Tuesday, October 30, 2007

October 30, 2007 Bonus Blog
Remember the dinner party Kathy and I attended in Mesa two weekends ago, where I told the story about the Texas Hold-em dealer being a former sniper for the LAPD, who was involved in the SLA shootout? Well, here's two photos from that event, and the dealer (right photo, right-hand-side). And, yes, that's Kathy in the wide shot (left photo, top, right):

Speaking of photos that nail a moment (same laugh, 27 years apart), here's a photo I found online when I Googled my name yesterday:

It's on one of those photo sites that has millions of samples. The photgrapher is Mike Bergin and the photo is of a local, well-known country rock performer, Ron Privett (left); myself and a Honkytonk Sue impersonator (can't remember her name but she appeared at the Scottsdale niteclub Honkytonk Sue's and on Bill Heywood's morning radio show quite often). The photo must date from about 1980-81 at the Mill Avenue Street Fair in Tempe, Arizona. The T-shirt designs on the manequins are mine. I still have the shirt I'm wearing, which I bought for $40 at Eclipse on Fourth Avenue in Tucson. My son Thomas wears the shirt today.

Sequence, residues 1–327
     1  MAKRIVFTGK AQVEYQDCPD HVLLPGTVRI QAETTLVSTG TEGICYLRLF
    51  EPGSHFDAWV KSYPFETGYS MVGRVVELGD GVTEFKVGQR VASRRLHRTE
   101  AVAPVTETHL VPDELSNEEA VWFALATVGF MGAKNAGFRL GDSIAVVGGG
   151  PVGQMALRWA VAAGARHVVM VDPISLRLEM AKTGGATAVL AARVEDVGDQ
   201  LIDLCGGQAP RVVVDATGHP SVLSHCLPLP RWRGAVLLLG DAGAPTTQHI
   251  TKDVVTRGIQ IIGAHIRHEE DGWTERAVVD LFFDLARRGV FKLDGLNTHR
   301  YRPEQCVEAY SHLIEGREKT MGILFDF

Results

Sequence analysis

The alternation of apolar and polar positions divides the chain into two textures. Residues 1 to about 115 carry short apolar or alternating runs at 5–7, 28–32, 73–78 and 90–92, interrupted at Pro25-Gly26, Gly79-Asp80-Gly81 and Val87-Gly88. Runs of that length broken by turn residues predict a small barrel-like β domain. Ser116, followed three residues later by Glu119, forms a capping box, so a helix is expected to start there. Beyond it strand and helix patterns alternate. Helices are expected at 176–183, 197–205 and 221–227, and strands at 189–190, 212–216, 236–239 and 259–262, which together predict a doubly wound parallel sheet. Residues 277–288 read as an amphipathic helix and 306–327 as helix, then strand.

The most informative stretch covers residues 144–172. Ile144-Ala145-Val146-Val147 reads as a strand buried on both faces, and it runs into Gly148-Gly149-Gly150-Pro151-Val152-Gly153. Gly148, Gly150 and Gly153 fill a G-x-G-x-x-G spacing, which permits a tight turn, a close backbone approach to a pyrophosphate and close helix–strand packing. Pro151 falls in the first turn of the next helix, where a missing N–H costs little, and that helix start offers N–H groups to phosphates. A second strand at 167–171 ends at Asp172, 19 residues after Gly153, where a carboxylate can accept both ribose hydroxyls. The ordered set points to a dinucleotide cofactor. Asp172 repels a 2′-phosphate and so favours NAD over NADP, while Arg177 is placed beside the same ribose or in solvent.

Some of my best friends are writers and journalists, so I have, by default, become aware of the "good lead," which is newspeak for the grabber, first sentence, which opens an article. With that in mind, I think this is one of the strongest and weirdest leads I have ever read:

"In 1967, the year his boyfriend beat him to death with a hammer, the British playwright Joe Orton wrote 'What the Butler Saw,' a brilliant deconstruction of farce, which broadened the expressive boundaries of the genre, pushing it toward the kind of comedy that Ionesco called 'a theatre of violence: violently comic, violently dramatic.'"
—John Lahr, "Lay It As It Plays" in The New Yorker

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